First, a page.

Calibrated mitotic oscillator drives motile ciliogenesis

Science

Cell division and differentiation depend on massive and rapid organelle remodeling. The mitotic oscillator, centered on the cyclin-dependent kinase 1–anaphase-promoting complex/cyclosome (CDK1-APC/C) axis, spatiotemporally coordinates this reorganization in dividing cells. Here we discovered that nondividing cells could also implement this mitotic clocklike regulatory circuit to orchestrate subcellular reorganization associated with differentiation. These postmitotic progenitors fine-tuned mitotic oscillator activity to drive the orderly progression of centriole production, maturation, and motile ciliation while avoiding the mitosis commitment threshold. Insufficient CDK1 activity hindered differentiation, whereas excessive activity accelerated differentiation yet drove postmitotic progenitors into mitosis.


Mid-price Prediction Based on Machine Learning Methods with Technical and Quantitative Indicators

arXiv.org Machine Learning

Stock price prediction is a challenging task, but machine learning methods have recently been used successfully for this purpose. In this paper, we extract over 270 hand-crafted features (factors) inspired by technical and quantitative analysis and tested their validity on short-term mid-price movement prediction. We focus on a wrapper feature selection method using entropy, least-mean squares, and linear discriminant analysis. We also build a new quantitative feature based on adaptive logistic regression for online learning, which is constantly selected first among the majority of the proposed feature selection methods. This study examines the best combination of features using high frequency limit order book data from Nasdaq Nordic. Our results suggest that sorting methods and classifiers can be used in such a way that one can reach the best performance with a combination of only very few advanced hand-crafted features.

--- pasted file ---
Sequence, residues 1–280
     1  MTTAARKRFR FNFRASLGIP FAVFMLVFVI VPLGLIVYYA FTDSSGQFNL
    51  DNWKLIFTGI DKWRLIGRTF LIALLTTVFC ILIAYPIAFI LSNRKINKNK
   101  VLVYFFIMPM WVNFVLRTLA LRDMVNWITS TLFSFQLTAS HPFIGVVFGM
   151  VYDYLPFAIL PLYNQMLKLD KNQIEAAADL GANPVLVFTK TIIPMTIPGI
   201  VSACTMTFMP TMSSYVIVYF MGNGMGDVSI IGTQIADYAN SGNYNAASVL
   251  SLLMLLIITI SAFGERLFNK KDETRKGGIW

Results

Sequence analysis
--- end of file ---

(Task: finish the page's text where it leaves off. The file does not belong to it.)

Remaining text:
[Research Article] Structural basis of the day-night transition in a bacterial circadian clock

Science

The cyanobacterial circadian clock oscillator can be reconstituted in a test tube from just three proteins--KaiA, KaiB, and KaiC--and adenosine triphosphate (ATP). Tseng et al. studied crystal and nuclear magnetic resonance structures of complexes of the oscillator proteins and their signaling output proteins and tested the in vivo effects of structure-based mutants. Large conformational changes in KaiB and ATP hydrolysis by KaiC are coordinated with binding to output protein, which couples signaling and the day-night transitions of the clock. Snijder et al. provide complementary analysis of the oscillator proteins by mass spectrometry and cryo–electron microscopy. Their results help to explain the structural basis for the dynamic assembly of the oscillator complexes.


Exotic states in a simple network of nanoelectromechanical oscillators

Science

A paramount contemporary scientific challenge is to understand and control networks. General studies of networks are essential to a variety of disciplines, including materials science, neuroscience, electrical engineering, and microbiology. To date, most studies are observational or "top-down," relying on phenomenological models of nodal behavior deduced from data extracted from observations of the entire network. On the other hand, oscillator synchronization provides a popular "bottom-up" experimental paradigm for studies of network behavior. Synchronization occurs when a large number of networked oscillators tend to phase-lock and reach global consensus, despite the presence of internal disorder (such as differences in oscillator frequencies).


Stunning images reveal the brain's internal rhythms

Daily Mail - Science & tech

A new mathematical tool has revealed the rhythm of electrical activity in the brain as it responds to external stimuli. While researchers know that this activity, known as neural oscillation, takes place in the hippocampus region in rats to encode information on the animal's position, much of its function in the human brain still remains a mystery. In a series of colourful diagrams, researchers have now revealed how these responses fluctuate, and they say the breakthrough could help improve neuroscientists' understanding of these processes. The researcher developed a mathematical tool based on the concept of a'nonlinear oscillator,' that could shed new light on the process .Linear oscillators respond to a stimulus by mirroring its rhythm – but, nonlinear oscillators vary in their responses Alonso used the Wilson-Cowan model, a widely-used model that describes average activity of populations of interconnected neurons. With this, the researcher was able to develop a mathematical tool based on the concept of a'nonlinear oscillator,' that could shed new light on the process.